Christian Dior 1940’s
– The New Look
Amy Dadamo
Bar Suit from the new look 1947
Y-line dress autumn & winter
EVENING DRESS –“The Flower Woman”
Evening Dress –“The Flower Woman”
Evening dress
The Bar Suit
The little black dress
Velvet coat
Y-line dress
Bar Suit with padded hips to emphasize a small waist
Ann Sainte-Marie, Christian Dior 1955
Christian Dior’s 1940s designs, later called the ‘New Look’ caused a major shift in
post-war II fashion. Dior’s designs helped rebuild France’s internationally
acclaimed fashion empire in the late forties. The 1947 collection was Dior’s first,
and was the foundation to his massive success. Fashion regularly suffers after a
war; fabric gets cheaper, silhouettes gets simpler etc. Yet this wasn’t at all the case
in Dior’s collection. Dior had a vision of large sleeves, billowing skirts and excessive
use of luxurious fabrics; you begin to see the start of 1950s shapes. This 1947
collection was made up of two lines ‘Corolle’ and ‘Huit’, the term ‘The New Look’
came from a Harpers Bazaar editor, Carmel Snow ,who exclaimed “it’s such a new
look!” After yards and yards of fabric being rationed for war efforts, this new
collection was a refreshing change. Dior’s collection included: very full-skirts, soft
shoulders, and extremely small waists. During the war, woman had to take the
men’s roles, since they were away. This caused women’s fashion to become more
masculine. Yet after the men all came home from war, women were encouraged
to act like women again; lots of them left the workplace and began going back to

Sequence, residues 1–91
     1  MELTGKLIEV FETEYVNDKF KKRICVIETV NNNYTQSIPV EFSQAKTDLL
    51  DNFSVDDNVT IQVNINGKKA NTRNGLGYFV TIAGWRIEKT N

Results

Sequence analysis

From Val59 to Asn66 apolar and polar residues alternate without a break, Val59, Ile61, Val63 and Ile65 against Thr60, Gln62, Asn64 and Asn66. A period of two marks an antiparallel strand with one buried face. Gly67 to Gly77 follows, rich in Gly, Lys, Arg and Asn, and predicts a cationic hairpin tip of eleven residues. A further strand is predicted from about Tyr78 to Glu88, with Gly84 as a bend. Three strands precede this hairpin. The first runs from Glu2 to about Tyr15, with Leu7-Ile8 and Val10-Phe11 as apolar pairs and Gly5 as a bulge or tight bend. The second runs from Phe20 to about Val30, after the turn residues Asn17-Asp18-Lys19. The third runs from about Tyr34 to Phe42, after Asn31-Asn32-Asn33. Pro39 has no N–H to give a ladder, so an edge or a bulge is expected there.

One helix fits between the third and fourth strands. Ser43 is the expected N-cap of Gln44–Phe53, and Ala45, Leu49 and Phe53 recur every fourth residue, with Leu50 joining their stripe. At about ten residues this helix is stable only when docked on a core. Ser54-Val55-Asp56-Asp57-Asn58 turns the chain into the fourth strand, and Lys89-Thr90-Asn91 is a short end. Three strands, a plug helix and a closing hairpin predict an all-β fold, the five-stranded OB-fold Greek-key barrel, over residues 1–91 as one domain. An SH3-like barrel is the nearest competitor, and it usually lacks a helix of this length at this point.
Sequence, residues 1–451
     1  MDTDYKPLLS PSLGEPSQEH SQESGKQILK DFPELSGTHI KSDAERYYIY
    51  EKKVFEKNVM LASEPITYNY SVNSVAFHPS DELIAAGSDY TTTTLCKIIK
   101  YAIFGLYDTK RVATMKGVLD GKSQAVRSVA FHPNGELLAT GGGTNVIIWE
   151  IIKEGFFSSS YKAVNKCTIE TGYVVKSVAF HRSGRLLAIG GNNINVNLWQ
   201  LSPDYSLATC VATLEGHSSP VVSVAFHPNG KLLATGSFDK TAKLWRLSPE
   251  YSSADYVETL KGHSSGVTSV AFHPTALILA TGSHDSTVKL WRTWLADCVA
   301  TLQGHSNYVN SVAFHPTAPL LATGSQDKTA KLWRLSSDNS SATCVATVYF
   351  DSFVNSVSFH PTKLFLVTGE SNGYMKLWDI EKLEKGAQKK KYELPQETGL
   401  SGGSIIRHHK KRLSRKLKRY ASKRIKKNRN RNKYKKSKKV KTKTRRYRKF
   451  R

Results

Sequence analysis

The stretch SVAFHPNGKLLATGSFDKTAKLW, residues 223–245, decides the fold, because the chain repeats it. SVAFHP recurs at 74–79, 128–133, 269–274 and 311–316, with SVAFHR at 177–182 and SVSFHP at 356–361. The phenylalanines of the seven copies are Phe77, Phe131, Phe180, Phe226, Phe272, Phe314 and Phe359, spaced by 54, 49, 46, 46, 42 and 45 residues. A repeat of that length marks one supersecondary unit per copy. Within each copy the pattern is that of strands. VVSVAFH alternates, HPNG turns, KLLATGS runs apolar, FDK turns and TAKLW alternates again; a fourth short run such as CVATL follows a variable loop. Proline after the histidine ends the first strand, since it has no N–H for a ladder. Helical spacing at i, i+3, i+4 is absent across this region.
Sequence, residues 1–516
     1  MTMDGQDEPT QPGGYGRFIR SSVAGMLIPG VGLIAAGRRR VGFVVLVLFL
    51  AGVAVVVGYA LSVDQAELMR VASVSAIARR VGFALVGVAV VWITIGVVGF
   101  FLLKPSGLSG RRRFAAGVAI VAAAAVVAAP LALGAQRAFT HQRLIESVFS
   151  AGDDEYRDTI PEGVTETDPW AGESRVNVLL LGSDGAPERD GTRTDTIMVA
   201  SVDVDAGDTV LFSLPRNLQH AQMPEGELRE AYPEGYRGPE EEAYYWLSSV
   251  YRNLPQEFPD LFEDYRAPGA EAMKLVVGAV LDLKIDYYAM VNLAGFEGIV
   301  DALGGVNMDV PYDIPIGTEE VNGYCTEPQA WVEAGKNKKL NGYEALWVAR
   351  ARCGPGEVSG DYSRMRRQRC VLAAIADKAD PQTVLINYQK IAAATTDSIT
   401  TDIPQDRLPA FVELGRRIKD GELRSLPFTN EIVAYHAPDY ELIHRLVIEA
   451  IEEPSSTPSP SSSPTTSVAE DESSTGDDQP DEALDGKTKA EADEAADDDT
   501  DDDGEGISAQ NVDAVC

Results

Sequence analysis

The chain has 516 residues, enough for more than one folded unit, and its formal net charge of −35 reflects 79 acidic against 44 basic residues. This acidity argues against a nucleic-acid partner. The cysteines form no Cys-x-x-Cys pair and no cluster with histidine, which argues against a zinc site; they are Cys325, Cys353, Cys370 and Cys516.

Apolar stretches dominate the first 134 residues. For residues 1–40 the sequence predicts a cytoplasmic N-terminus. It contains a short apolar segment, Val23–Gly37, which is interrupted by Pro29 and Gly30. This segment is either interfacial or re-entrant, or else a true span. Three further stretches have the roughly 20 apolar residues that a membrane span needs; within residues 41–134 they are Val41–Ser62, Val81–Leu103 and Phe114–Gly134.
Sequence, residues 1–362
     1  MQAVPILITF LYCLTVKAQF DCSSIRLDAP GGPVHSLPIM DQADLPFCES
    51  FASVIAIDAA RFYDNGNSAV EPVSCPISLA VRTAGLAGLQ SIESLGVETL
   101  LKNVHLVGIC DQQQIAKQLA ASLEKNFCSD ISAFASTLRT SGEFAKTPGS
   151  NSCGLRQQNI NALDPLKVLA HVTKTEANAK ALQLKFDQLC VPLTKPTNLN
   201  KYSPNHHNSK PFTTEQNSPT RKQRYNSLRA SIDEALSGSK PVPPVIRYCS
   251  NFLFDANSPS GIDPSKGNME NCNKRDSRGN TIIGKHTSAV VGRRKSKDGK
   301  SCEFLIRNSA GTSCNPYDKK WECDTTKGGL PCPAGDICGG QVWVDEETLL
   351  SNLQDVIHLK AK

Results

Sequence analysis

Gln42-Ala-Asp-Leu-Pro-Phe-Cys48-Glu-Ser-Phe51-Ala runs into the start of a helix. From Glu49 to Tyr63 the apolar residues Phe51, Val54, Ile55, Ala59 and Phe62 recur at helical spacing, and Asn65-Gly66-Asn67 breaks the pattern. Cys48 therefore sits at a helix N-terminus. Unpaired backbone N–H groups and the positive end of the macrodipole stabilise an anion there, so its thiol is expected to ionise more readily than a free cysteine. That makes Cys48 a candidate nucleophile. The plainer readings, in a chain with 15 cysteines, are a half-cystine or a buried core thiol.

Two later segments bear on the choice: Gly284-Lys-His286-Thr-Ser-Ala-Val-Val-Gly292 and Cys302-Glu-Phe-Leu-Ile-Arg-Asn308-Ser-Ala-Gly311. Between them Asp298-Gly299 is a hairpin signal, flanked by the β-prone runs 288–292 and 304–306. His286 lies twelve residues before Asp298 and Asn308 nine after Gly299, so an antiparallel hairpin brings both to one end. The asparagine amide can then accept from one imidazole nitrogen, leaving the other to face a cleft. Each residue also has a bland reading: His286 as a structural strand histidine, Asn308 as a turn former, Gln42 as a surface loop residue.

the household duties. This impacted Dior’s collection, which was overall very
elegant and feminine. ‘The Bar Suit’ is one of the most iconic designs of the 1940s,
the suit displayed a woman’s body perfectly, yet the tailored jacket gave the look
structure. Dior knew exactly how to tailor to a woman’s body; he did more than
just pull fabric in at the waist. The collection shows emphasized bust and hips in
order to create that desired hourglass figure. The full-skirts even included padded
Dior did use a masculine edge in his designs – since it was popular, but he tried
to steer away from that and encourage women to bring back the beauty in their
clothing. During this time period there was also a very somber feeling, as the
Western world attempted to rebuild itself economically. This was reflected in this
collection, as it is very mature. Many people protested against Dior, because he
wasn’t rationing fabric. For example King George V forbade his daughters from
wearing ‘The New Look’. Yet once the war efforts came to an end, Dior made his
designs even more extravagant, particularly in his evening wear. Dior
experiments with layering mass quantities of fabric while still extenuating the
small waist. He often used to tulle in the skirts of his evening wear, especially in
his designs that he called ‘The Flower Woman.” They included strapless
necklines, which he had engineered a built in feather bonding to hold the dress
up. The tulle was trimmed with sparkly fabric, which created a flower-like look.
The New Look changed fashion forever; the ionic Bar Suit’s basic principles are
still seen on runways today. Along with the trademark evening dress, ‘The Flower
Woman’, this is now a staple style of wedding dress. Dior’s collection paved the
way for designers after him. Clothes were no longer just simple garments, but
single masterpieces which created a silhouette perfect for every woman.

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